Which kind of little pig are you, my friend? Are you building on sand or on the rock?  Read God’s Word and discover what a sure foundation it is for living!

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To worry or not to worry…

Have you experienced tossing and turning in bed unable to sleep? Why so? Are you worried about something? Is life too hard for you? I also had sleepless nights because I was anxious and afraid. I know what it’s like to toss and turn because I worry. It was horrible – to feel my whole body charged with electric current from sleepless nights. I was on the verge of breakdown. Through the years, I learned and am still learning Jesus’ antidote to worry.

I will name this list: Questions to ask when you are worried and answers to seek to stop worrying…

Matthew 6
25 “For this reason I say to you, do not be worried about your life, as to what you will eat or what you will drink; nor for your body, as to what you will put on. Is not life more than food, and the body more than clothing?

(For this reason… what reason? Refer to the passage before this. In vv. 19-24, Jesus talked about wealth and money matters.
1) Earthly wealth is temporal – houses rot, cars break down, money can be stolen. v. 19
2) Value the things that are eternal – treasures in heaven last. They cannot be stolen, and destroyed. Love, joy, peace, kindness, goodness, faithfulness, gentleness.. Kind words, good deeds, obeying God’s command to love Him and love our neighbours.. These are priceless with no expiration date. v. 20
3) Where our treasure is, there our heart is also: we pursue what our heart considered as valuable. Where is your heart? What is your treasure? v.21
4) Light and darkness: We see clearly in the light. Do our eyes see the light? Or are we in darkness? v.22-23
5) God or money: which one for you? Choose one only… it cannot be both because if I love money, God becomes second.
So for ‘all of the above’ reason, we should not worry about life: eating and drinking. All these entail money, right? If we worry about these, we are basically worrying about money matters.

Q1: IS NOT LIFE MORE THAN food and the body more than clothing?
To ponder: What is life about? Why am I who I am, where I am? What for?

26 Look at the birds of the air, that they do not sow, nor reap nor gather into barns, and yet your heavenly Father feeds them. Are you not worth much more than they?
Q2: ARE YOU NOT WORTH MUCH MORE? than what? the birds of the air.. they do not work for their food. How do they live? Our heavenly Father gives them food.
To ponder: What is your worth? Where do you find your worth? In financial security? In social affirmation? In personal achievement?

27 And who of you by being worried can add a single hour to his life?
Q3: CAN WORRY SOLVE THE PROBLEM?
To ponder: If I worry, does it make time jump over the stuff I fret about? Does it make it go slower to the day I dread for it? Or will worry make it go faster or quicker – make the journey to recovery shorter?

28 And why are you worried about clothing? Observe how the lilies of the field grow; they do not toil nor do they spin, 29 yet I say to you that not even Solomon in all his glory clothed himself like one of these. 30 But if God so clothes the grass of the field, which is alive today and tomorrow is thrown into the furnace, will He not much more clothe you? You of little faith! 31 Do not worry then, saying, ‘What will we eat?’ or ‘What will we drink?’ or ‘What will we wear for clothing?’
Q4: Why am I worried?
To ponder: When I worry, am I helping God along? Or do I think I can do better – than how He can provide? Solomon was very rich yet the lilies of the field are clothed more gloriously than he was.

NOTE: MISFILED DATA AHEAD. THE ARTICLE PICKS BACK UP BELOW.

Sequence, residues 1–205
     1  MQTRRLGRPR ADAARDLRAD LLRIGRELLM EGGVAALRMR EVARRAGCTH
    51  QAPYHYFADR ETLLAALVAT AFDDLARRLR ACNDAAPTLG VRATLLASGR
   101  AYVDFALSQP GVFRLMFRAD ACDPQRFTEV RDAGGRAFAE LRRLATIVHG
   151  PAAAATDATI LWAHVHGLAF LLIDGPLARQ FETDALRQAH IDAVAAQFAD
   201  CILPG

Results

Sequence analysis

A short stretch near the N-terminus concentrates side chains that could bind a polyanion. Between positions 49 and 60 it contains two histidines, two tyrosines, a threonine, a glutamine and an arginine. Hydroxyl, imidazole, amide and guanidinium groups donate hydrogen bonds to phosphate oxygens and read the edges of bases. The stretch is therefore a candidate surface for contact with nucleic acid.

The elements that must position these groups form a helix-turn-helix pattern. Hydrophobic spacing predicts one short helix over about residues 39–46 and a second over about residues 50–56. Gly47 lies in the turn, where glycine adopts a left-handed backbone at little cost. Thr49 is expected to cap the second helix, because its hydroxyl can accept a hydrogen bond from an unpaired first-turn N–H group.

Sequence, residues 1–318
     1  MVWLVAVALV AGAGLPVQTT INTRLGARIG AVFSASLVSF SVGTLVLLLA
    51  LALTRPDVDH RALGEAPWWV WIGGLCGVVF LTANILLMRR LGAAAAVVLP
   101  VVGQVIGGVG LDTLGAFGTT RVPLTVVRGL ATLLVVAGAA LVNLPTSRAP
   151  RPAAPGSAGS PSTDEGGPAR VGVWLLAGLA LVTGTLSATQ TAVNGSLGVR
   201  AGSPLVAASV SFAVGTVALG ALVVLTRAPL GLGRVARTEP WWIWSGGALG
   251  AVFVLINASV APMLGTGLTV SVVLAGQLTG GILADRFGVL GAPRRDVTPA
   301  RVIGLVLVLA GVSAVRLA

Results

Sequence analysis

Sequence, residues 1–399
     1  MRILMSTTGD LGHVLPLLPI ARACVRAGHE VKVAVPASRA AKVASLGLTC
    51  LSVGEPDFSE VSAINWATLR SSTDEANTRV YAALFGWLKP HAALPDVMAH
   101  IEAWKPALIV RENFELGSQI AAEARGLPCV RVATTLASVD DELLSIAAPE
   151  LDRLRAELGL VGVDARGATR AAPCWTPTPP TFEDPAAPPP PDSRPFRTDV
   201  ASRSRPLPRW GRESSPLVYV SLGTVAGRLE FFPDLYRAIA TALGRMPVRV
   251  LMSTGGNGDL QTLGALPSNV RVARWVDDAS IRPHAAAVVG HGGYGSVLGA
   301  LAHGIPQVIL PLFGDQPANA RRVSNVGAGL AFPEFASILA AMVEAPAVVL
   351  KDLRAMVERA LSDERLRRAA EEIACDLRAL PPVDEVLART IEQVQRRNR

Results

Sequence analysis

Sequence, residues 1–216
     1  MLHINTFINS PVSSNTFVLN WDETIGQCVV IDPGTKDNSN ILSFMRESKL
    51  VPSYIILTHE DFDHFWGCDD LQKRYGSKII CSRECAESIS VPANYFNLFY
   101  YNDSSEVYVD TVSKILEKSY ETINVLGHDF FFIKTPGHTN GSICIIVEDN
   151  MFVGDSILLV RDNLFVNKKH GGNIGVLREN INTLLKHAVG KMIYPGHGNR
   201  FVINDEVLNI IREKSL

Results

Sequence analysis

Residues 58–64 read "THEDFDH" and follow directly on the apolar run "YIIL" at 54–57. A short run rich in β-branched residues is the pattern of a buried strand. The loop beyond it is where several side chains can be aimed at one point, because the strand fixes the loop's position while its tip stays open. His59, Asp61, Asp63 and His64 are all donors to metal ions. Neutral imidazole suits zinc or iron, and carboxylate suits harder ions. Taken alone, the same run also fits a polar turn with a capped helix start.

Again, how do I compare myself with the grass of the field in God’s eyes? When I worry, is it because I do not trust God to provide for me?

32 For the Gentiles eagerly seek all these things; for your heavenly Father knows that you need all these things.
Implication: When I worry, I am eagerly seeking the things that Gentiles (those who do not know God) seek. What are these things? Eating, drinking, clothing… again money matters, right?

33 But seek first His kingdom and His righteousness, and all these things will be added to you
The antidote to worry is to seek God – put Him first – go after the things that matter to Him – His kingdom and His righteousness. How? Find out when you read the Bible – all that He wants for His children are found in His word.

And the promise is that ‘all these things’ – all the things that you worry about needlessly, these will be ‘added’ (implication: added means it’s on top of God’s kingdom and His righteousness.. more than earthly treasures, seek the heavenly treasures.)

Finally, I want to share my favourite verse, my antidote to finding the desires of my heart:
Delight yourself in the Lord and He will give you the desires of your heart. (Psalm 37:4)

When I seek after God, when I like what God likes, surely, He will grant me my desires, will He not?! So why should I worry?

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When the bad and the sad linger…

I have learned and am still learning that God allows many challenges to go on in my life until I learn my lessons from them. One example is my dh (domestic helper) issue. For more than half of my life, the ‘tiny’ (not so tiny at times) thorn in my side is anxiety about maids. Not that I no longer have dh concerns but I no longer fret as much. I learned through the years that God wants me to depend on him. God let me witnessed how he provided just in time (many times) when I let go and let God. I also learned patience – in forgiveness for their wrongs and in persistence to teach them right.

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Another reason for enduring and persevering in trials and difficulties is so I can be a credible witness and companion to the people going through similar circumstances. I testify to how God embraced me when I was going through cancer treatment. Friends with the big ‘C’ know I speak from my own experiences. I can empathize with people going through depression. I share my weaknesses with those who are going through midlife crisis. I know how it was to experience ‘the dark night of the soul.’

Ultimately, one truth I hang on to when the road is long and the way is dark, God will see me through. He is behind me, beside me, over me and in front of me leading me to the light.05d2c8cdb39ba3607276b88cf94c2d7e--godly-quotes-bible-quotes

Are you tired and weary going through difficult times? Hang on and hold tight. Hold on with faith, walk on in hope and hang on to the love of God which is beyond what we can imagine.